Welcome to the Jungerl!

Luke Gorrie <>
Sat Feb 22 02:03:09 CET 2003

                There was once a programmer who worked
                 upon microprocessors. ``Look at how
                  well off I am here,'' he said to a
               mainframe programmer who came to visit,
                 ``I have my own operating system and
                file storage device. I do not have to
                 share my resources with anyone. The
                   software is self-consistent and
                easy-to-use. Why do you not quit your
                   present job and join me here?''

                The mainframe programmer then began to
                  describe his system to his friend,
                 saying ``The mainframe sits like an
               ancient sage meditating in the midst of
                 the data center. Its disk drives lie
                   end-to-end like a great ocean of
                    machinery. The software is as
                  multifaceted as a diamond, and as
                 convoluted as a primeval jungle. The
               programs, each unique, move through the
               system like a swift-flowing river. That
                   is why I am happy where I am.''

                  The microcomputer programmer, upon
                hearing this, fell silent. But the two
                programmers remained friends until the
                          end of their days.

                          -- The Tao of Programming [1]

Though I wasn't around in the mainframe days, there's something very
appealing about the idea of a completely shared computer: when you
write a program, or add a feature, everyone else has it
automatically. You'd just send a mail that "The 'make' program can now
do foo", and everyone could immediately update their makefiles to do
some foo. You'd improve things directly instead of sending patches,
always have the latest and greatest versions without the need to
download tarballs, have a large set of installed programs and
libraries that you can use, and perhaps get that joyous feeling of a
"smoothly running anarchy." Lots of things might break on occasion,
but a community of hackers can all fix them. This seems to be the type
of environment where, for example, Emacs grew from a few TECO macros
towards what it is today [2].

I think it all makes a nice picture, and would like try hacking Erlang
programs in this way. To this end, I've created a new sourceforge
project called the 'jungerl': "A Primeval Jungle of Erlang code". It
is quite simply a new CVS tree that I have added many of the existing
Erlang User Contributions to, and that anyone who wishes can have full
developer access on.

I'm using Stewart's Law of Retroaction [3], so I have already imported
a lot of User Contributions that I'm interested in - some by me, but
most by other people. I have also added every Erlang hacker's
sourceforge account that I could find with full administrator rights,
so they can in turn add anyone else who wants in. You can get into at

It's my hope that this Wiki-style common program repository will lead
to good things for the programs in it, and will give them better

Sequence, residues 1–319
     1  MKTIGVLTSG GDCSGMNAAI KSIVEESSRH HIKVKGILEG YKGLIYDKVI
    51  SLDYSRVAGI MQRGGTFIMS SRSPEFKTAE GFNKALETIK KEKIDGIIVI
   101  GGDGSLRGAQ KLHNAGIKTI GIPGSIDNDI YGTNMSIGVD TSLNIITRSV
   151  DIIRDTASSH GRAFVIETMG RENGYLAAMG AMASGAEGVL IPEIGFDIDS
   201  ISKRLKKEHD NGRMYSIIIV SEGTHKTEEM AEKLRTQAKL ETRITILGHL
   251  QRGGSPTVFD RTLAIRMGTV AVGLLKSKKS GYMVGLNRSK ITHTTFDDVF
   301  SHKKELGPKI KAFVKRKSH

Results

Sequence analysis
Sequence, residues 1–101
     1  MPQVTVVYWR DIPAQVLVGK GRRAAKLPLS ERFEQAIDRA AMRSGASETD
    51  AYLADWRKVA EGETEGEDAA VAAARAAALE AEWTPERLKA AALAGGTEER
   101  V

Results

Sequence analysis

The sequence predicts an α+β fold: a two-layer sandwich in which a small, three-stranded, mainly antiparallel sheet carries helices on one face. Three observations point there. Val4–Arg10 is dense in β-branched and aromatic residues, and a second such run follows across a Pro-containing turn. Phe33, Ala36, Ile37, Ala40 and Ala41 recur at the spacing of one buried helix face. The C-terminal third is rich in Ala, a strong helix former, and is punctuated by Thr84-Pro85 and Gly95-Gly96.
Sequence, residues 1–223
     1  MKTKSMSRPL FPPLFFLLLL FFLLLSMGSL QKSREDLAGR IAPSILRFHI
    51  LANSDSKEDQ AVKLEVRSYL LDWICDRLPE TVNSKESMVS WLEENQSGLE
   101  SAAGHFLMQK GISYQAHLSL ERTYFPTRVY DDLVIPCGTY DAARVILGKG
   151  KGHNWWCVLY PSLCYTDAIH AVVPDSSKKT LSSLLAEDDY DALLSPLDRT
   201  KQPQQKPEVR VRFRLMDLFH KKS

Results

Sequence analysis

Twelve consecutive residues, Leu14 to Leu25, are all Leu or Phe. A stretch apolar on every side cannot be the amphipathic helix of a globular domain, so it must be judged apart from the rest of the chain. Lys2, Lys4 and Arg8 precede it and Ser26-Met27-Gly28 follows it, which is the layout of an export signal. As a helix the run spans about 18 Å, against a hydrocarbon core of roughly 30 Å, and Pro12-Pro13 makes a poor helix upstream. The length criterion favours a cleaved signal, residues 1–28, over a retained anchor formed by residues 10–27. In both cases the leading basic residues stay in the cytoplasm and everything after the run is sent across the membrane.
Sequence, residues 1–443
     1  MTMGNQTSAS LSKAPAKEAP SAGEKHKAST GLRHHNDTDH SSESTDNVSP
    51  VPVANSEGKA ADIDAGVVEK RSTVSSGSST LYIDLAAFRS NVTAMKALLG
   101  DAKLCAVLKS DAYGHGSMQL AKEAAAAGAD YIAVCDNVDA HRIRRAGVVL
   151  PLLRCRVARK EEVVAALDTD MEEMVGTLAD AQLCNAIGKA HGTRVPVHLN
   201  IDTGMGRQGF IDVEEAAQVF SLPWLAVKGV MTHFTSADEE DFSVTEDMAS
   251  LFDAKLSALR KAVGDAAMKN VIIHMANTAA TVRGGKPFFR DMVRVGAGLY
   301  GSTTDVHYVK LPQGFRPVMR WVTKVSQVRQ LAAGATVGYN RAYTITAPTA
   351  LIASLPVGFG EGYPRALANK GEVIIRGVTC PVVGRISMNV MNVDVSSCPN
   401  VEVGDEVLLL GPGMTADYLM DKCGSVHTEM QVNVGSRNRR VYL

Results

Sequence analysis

open-source hacking infrastructure than one would bother to create for
them individually. I invite everyone to use and improve the programs
that are imported and to add any other programs that they want (see
the README for how.) We can use the Erlang Wiki to communicate about
additions and changes:

If I've stepped on anyone's (or everyone's) toes by doing something
with their program that they don't want, just let me know and I will
make things right :-)

That is as far as I have thought the whole thing through.

The programs I've imported so far are:

  enfs:   Mini NFSv2 server
  ermacs: Emacs-like editor
  slang:  S-Lang terminal driver (slightly extended version from Ermacs)
  lersp:  Mini scheme-like interepreter
  msc:    Miscellany (e.g. Tobbe's syslog client)
  rpc:    The SUNRPC library (by tony, scott @sendmail, martin, &co)
  tuntap: A linked-in driver for Linux TUN/TAP network devices (fun!)
  xmerl:  Ulf's famous XML parser
  xmlrpc: Jocke's XML-RPC library

I have completely left alone programs like Yaws that already have a
full development system established.

With these programs I have made a simple unified autoconf and Makefile
setup, which let me delete a large amount of mututally-redundant or
hard-coded makefile code across the various projects, and adds some
extra consistency and (hooks for) portability. In the process I have
somewhat changed the way some programs build, but I think the overall
effect of integration is good.

So far I have only built it on Linux and FreeBSD (using GNU make), so
there may be some 'configure'-hacking for other platforms.

If you want developer access, just add your sourceforge account name
to the Wiki page. If you already have access and you see names on that
page, please add them with administrator privileges.

The Jungerl README is attached.


[1]: http://www.canonical.org/~kragen/tao-of-programming.html
[2]: http://www.gnu.org/philosophy/stallman-kth.html
[3]: Stewart's Law of Retroaction: It is easier to get forgiveness
         than permission.

(How's *that* for a crackpot post, Klacke? :-))

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